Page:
For many years, corporate-level branding took a backseat to more localized marketing and advertising efforts to attract more customers. Conventional wisdom was that apartment residents cared more about community location and monthly rent than the company owning or managing their buildings. Not to mention that many industry experts remained skeptical about the value of a strong corporate brand identity when, unlike commodity products such as cereal or laundry detergent, the industry only had to “sell” apartments once every 12 months following the initial leasing decision.
However, during the session Magnetic Branding: Attracting Residents and Top Talent Through a Golden Brand, marketing leaders discussed how much that perception of branding has changed. The benefits of a strong brand identity-more customers, marketing efficiencies and pricing premiums-are much clearer today, generating additional, quantifiable value for companies.
“Brands account for more than a third of shareholder value,” said Kevin Thompson, senior vice president of marketing for Bell Partners. Thompson cited research that showed how much tangible value some of the most well-known companies generated from their strong brand identities. For example, 71 percent of McDonald’s shareholder value is attributed to its brand identity; that compares with 69 percent for Disney and 51 percent for Coca-Cola.
However, many industry leaders now also realize the benefits of a strong brand identity in other areas, including talent management and business development. Two notable paybacks of a well-articulated and well-executed brand over time are improved employee retention and the creation of a reputation as an “employer of choice,” which allows companies to better attract top talent, improve employee satisfaction and reduce turnover.
However, Margaret Plummer, vice president of employee development at Camden Property Trust, said many apartment companies fail to see the correlation. “We tend to always talk in terms of ‘the business,’” she said. “We use that almost as code for ‘we can't care about the employees right now, because we have to think about the business.’ However, what's good for employees is often very good for the business.”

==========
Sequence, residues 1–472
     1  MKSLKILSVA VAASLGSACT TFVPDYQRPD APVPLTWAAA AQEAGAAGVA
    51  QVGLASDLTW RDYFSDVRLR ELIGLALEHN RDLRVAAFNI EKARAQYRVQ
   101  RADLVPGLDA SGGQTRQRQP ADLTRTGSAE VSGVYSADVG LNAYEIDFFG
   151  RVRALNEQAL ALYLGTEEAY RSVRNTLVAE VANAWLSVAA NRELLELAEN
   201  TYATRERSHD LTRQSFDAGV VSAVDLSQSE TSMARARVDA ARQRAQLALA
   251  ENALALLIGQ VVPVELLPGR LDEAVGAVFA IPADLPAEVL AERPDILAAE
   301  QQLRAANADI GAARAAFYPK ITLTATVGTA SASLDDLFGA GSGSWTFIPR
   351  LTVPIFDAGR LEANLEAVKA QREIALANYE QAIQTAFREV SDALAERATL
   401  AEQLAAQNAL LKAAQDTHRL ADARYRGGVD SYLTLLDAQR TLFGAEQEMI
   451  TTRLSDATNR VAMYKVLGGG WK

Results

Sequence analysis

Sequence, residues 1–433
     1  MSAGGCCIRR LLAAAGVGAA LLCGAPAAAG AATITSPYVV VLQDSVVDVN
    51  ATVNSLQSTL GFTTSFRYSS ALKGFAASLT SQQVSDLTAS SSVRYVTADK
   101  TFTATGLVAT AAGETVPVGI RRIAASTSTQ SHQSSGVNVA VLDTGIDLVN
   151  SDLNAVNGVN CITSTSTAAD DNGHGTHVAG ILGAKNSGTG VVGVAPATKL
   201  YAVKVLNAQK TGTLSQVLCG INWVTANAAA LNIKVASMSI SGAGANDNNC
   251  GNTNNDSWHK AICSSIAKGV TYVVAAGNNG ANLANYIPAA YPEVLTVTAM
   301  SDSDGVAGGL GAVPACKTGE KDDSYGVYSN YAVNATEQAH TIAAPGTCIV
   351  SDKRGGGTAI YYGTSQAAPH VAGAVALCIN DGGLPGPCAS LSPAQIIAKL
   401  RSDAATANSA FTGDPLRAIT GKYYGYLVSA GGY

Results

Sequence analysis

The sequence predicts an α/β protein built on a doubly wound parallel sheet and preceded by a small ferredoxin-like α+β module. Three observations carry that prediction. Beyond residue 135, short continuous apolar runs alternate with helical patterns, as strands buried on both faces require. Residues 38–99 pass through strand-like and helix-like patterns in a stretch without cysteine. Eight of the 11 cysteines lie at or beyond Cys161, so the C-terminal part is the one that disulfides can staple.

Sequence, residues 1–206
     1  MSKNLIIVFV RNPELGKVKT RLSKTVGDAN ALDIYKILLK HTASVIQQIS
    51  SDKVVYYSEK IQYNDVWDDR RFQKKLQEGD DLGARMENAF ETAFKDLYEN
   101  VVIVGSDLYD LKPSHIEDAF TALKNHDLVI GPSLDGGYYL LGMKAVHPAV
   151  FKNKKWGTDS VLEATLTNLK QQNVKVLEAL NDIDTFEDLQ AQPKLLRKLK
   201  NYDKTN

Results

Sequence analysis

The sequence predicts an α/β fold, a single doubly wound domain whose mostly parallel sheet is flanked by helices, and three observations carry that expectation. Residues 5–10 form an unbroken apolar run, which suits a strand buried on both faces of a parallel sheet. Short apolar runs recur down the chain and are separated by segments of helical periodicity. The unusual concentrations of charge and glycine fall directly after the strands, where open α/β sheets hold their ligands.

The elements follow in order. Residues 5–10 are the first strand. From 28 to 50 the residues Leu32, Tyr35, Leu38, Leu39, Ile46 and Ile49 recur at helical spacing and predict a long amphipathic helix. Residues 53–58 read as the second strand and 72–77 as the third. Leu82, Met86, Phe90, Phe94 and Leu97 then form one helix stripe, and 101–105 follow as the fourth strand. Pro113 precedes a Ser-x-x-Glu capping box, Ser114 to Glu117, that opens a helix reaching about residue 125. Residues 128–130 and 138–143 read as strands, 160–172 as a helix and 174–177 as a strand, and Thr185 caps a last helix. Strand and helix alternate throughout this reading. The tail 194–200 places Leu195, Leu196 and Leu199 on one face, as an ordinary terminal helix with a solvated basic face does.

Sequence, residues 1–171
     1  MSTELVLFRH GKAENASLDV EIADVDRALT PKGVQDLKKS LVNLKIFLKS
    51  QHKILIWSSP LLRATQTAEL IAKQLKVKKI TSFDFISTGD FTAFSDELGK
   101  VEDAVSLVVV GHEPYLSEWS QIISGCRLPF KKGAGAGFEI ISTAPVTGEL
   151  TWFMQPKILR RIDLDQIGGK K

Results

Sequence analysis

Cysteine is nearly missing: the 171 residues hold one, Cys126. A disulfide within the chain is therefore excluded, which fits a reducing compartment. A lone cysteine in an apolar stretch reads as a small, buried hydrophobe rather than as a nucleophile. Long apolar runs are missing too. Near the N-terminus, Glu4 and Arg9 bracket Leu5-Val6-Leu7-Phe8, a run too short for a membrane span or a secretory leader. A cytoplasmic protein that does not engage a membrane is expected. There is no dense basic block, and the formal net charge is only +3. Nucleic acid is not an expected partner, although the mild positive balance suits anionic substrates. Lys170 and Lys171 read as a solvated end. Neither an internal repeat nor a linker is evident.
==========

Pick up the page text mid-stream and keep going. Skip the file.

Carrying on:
At Camden, being an employer of choice in the industry has been an integral part of the company’s brand identity. The company has been ranked for six years running on Fortune’s list of 100 Best Companies to Work For, and Plummer says that allowed the company to become a more powerful recruiter. For companies with strong brands, the cost per hire is two times lower than competitors, she said.
More specific to the apartment industry, Plummer said that too often firms focus their brands solely on their residents and the experience the companies provide for them. But that’s a little shortsighted, Plummer said, because if company employees don’t believe in the resident experience and have pride in it, the brands become less authentic and powerful.
“When your internal brand says, ‘we care about people because they are our employees,’ and your external brand says, ‘we care about people because they are our customers,’ there you have a synergy,” she explained.
Similarly, Colleen Kittell, senior manager of integrated marketing at BRE Properties, said a magnetic brand can not only attract talent but also critical business partners. In particular, she noted that company efforts to brand community fitness facilities as “Studio Be” has led to some pricing power and improved resident retention in certain markets, but it’s also been something that the company is leveraging to generate investor interest in the company. “With our investors, I've had the opportunity to tour quite a few [studios with them] and show them how we are programming our spaces to create a unique experience.”